Wednesday, 8 April 2015

Creating a world of imagination with your very own DIY tactile toys.

School holidays can be immensely stressful with finding things to occupy the children, but throw a child with additional needs into the mix and the word stress can take on a whole new meaning!  Finding toys that appeal to and stimulate our incredible special needs children has certainly been made far easier with the use of the internet and mail order shopping.  With one click of the mouse, it is possible to source several online companies that have a whole array of bright and appealing toys, games and sensory equipment.
Whilst these toys are immensely valuable, especially in the special needs setting, most families would struggle to find the budget since the price tag is often not as appealing as the item itself!
Well, the good news is that you do not need to break the bank to access such equipment.  With a bit of imagination, some empty containers and in some cases shaving foam (yes!), it is possible to make the most wonderful sensory toys and games that will keep your special child amused for hours and your pocket intact.

Tactile play
So we will address the subject of shaving foam first off!  Children with special needs can love and benefit greatly from water, and whilst a hydrotherapy pool might also be out of the budget, making the whole bathing experience can be great fun with a can of shaving foam.  If you spray it on the tiles of the bathroom, your child will no doubt enjoy the sensations of running their fingers through the foam and finger painting it.
Bubble blowing is immense fun too and this can be done in or out the bath.  If you try and keep a mini bottle of bubbles in your bag, you have an infallible way to entertain your child in a queue of traffic or as a good way to avert a potential tantrum.  This is something older siblings can join in with, and can be great way to get them all interacting together. We once filled an airport departure lounge with bubbles and everyone else seemed to quite like it too!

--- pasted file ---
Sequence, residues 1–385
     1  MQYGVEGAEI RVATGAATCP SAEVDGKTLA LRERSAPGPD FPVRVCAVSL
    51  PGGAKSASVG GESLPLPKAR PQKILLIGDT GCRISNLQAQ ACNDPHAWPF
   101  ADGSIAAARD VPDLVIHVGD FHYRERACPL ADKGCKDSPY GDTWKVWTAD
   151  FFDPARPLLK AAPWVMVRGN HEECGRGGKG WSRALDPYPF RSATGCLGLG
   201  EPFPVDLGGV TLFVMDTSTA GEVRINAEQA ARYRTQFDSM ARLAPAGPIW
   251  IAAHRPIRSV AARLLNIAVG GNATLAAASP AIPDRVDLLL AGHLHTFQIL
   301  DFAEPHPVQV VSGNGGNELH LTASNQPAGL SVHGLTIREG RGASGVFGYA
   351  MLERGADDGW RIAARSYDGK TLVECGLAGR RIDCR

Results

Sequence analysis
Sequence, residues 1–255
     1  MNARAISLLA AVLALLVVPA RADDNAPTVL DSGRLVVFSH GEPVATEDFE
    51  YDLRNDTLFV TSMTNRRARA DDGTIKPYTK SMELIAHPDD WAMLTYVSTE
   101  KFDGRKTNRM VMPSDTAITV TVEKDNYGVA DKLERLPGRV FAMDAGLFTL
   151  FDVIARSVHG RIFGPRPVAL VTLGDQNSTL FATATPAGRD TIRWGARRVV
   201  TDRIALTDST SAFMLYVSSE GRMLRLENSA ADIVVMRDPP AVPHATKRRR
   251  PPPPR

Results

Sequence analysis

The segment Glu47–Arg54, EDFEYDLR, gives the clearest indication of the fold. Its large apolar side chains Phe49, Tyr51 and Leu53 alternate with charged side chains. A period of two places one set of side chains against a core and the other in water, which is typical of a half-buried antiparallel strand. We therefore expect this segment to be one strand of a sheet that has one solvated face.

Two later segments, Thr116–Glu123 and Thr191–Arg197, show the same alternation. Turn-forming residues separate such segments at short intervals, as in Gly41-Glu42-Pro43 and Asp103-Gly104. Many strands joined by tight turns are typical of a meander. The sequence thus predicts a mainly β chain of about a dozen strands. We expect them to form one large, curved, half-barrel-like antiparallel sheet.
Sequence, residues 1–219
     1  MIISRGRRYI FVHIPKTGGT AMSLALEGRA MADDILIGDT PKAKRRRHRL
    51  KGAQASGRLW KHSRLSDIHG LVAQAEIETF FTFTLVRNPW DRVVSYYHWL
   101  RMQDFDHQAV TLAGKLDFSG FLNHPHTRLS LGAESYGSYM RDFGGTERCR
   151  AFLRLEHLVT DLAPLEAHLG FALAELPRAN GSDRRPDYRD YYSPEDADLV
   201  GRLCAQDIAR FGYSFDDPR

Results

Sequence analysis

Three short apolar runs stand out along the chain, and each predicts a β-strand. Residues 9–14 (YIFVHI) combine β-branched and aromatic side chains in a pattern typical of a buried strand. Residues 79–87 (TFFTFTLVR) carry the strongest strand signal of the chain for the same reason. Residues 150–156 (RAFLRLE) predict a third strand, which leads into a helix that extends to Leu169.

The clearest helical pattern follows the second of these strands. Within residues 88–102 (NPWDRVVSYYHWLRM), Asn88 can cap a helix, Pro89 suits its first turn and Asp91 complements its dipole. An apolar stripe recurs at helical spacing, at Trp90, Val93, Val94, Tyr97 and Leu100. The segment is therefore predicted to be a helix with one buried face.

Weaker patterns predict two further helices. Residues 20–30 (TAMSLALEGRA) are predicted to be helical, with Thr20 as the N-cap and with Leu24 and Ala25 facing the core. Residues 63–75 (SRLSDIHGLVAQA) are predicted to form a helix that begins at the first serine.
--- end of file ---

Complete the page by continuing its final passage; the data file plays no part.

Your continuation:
Fill a bucket with grains of pulses or rice and let your child delve in and enjoy the sensations.  You can also hide toys and little measuring cups which will add to the fun.
Laying your child on a blanket or carpet and rolling them up in it can be an enjoyable full body experience. You can put as much or as little pressure as your child wants, and the giggles and screams of delight should tell you if it’s too much, or not enough!

Jiggle Toys
These can be found all over any occupational therapy catalogue, but in addition can be found in your household cupboards with a much nicer price tag.
Bubble wrap usually lands on your doormat completely free of charge.  Once you have unwrapped the item that you have paid for, you can set about giving it to your child (supervised of course!) and letting them pop away!
An old set of keys are a great jingle jangle option, but make sure they are old or spare!
Balloons are tremendous and can be filled with sand, tied securely in a knot and given to busy little hands for lots of squeezing and fine motor strengthening.
When you have exhausted the cupboards, check out your local pet store.  You would be amazed at the amount of toys there that double as excellent sensory toys.

A homemade sensory room for the price of one bubble tube!
 How about a lava lamp instead of bubble tube, check out second hand shops.
Glow in the dark stars can be purchased from most good toy shops.
Cloud b lights are great value and are multi sensory too.
 Luminous paint - make worn out old toys glow in the dark!!
 Rope lights, bubble machines and revolving disco lights/ night lights all from electrical shops.
Tinsel or kitchen foils high up on walls to reflect.
My son’s favourite ever item is one of those help for heroes’ wrist bands!  He loves flicking things close to his eyes and the momentum he can drum up with one of these is remarkable.  Instant sensory feedback!!!